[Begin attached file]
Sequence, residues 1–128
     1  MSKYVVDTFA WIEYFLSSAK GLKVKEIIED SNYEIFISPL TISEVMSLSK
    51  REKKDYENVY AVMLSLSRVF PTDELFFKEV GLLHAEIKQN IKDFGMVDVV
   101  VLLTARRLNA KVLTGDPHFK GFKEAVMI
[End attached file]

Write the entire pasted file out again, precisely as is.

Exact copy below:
Sequence, residues 1–128
     1  MSKYVVDTFA WIEYFLSSAK GLKVKEIIED SNYEIFISPL TISEVMSLSK
    51  REKKDYENVY AVMLSLSRVF PTDELFFKEV GLLHAEIKQN IKDFGMVDVV
   101  VLLTARRLNA KVLTGDPHFK GFKEAVMI